Most companies are involved in the digital transformation. Still, you’re cautious with respect to the current discourse?
Yes, because the digital transformation is a bit of an overused concept and is sometimes used incorrectly. We should not forget that digital technologies are a means to an end. The objective is to be able to "do business", therefore give value to what digital technologies will bring. And that valuation is done in particular using data. The challenge for businesses is to exploit the data, and to do so, they have to optimise the information flow irrigating their entire ecosystem and take advantage of new models based on technologies such as cloud computing, mobile, collaboration, the IOT, etc.
Which requires a change of approach and of working methods?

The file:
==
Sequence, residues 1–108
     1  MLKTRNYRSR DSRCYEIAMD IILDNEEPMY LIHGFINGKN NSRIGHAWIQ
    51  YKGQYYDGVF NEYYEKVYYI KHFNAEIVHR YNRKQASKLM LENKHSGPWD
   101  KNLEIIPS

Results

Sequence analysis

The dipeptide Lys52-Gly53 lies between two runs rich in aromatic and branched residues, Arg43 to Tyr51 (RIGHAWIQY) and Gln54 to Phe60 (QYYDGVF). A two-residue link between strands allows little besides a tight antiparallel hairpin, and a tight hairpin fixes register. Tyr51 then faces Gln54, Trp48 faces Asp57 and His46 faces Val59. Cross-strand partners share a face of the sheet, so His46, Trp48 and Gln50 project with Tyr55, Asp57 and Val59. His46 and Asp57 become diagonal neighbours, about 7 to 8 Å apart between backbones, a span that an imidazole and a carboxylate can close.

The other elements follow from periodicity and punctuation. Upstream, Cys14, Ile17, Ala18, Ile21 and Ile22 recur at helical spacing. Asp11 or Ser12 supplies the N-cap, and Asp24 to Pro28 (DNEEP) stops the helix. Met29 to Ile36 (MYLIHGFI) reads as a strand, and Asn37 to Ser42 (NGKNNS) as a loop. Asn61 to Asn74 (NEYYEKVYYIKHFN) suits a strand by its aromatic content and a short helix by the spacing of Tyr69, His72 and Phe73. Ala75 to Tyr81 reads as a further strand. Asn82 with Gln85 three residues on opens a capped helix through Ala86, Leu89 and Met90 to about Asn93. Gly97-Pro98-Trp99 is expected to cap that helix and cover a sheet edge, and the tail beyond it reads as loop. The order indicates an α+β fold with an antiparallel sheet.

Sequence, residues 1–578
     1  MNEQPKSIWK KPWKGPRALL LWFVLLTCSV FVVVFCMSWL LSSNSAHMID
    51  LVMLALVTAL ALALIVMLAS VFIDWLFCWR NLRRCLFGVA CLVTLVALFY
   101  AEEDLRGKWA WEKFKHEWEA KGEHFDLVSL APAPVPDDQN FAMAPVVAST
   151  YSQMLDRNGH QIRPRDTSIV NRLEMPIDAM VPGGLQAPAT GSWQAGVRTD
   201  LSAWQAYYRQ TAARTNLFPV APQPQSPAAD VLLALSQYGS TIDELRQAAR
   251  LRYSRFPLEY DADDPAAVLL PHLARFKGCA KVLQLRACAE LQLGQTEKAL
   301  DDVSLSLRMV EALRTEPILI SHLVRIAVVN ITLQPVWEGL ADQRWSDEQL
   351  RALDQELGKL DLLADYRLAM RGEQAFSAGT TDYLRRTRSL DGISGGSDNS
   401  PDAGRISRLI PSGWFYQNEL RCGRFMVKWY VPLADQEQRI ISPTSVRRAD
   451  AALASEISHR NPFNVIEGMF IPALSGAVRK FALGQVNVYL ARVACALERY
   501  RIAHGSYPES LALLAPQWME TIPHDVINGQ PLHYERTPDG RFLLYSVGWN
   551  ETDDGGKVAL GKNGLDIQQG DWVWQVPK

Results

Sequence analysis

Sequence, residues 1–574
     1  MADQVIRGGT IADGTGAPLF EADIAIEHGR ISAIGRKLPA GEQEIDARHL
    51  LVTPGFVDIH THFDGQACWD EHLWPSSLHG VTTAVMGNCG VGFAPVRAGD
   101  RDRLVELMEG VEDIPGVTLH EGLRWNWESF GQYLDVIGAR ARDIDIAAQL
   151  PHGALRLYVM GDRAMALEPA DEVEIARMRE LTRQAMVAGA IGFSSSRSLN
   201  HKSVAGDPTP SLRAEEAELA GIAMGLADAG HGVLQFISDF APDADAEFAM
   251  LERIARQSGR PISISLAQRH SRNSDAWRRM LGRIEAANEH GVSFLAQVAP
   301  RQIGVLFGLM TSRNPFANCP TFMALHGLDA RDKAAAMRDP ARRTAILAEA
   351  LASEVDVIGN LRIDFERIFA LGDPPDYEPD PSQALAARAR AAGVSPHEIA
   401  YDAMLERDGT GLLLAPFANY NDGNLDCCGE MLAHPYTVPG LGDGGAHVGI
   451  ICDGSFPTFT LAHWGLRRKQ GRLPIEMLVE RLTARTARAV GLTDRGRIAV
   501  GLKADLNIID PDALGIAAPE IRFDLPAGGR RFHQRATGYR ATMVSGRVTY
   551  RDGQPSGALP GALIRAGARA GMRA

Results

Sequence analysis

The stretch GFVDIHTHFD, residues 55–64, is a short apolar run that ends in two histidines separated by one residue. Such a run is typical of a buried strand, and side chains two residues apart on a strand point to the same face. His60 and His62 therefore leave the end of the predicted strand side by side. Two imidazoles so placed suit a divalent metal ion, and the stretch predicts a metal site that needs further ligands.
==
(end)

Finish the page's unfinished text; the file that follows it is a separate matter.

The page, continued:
Absolutely. Before, digital transformation projects were isolated, with clear and structured scopes. CRMs were this type of project. Today, we work on expanded and more complex innovation projects based on agile methods, with POC. The innovation department works fully on these projects, which are more collaborative in nature and shorter. There are no more master plans! All BUs and the IT department get involved and try to work together.
What are the consequences for employees?
Just like for customers, we need to develop the employee experience and staff engagement: look after your employees and they'll look after your customers. To do that, they need tools and applications they use on a daily basis, and they need to feel fulfilled in order to promote company messages in a positive way and be proactive. It is a question of business culture and it is also HR’s role to accompany this digital transformation dynamic. HR is beginning to understand its importance in this approach but needs to go even further.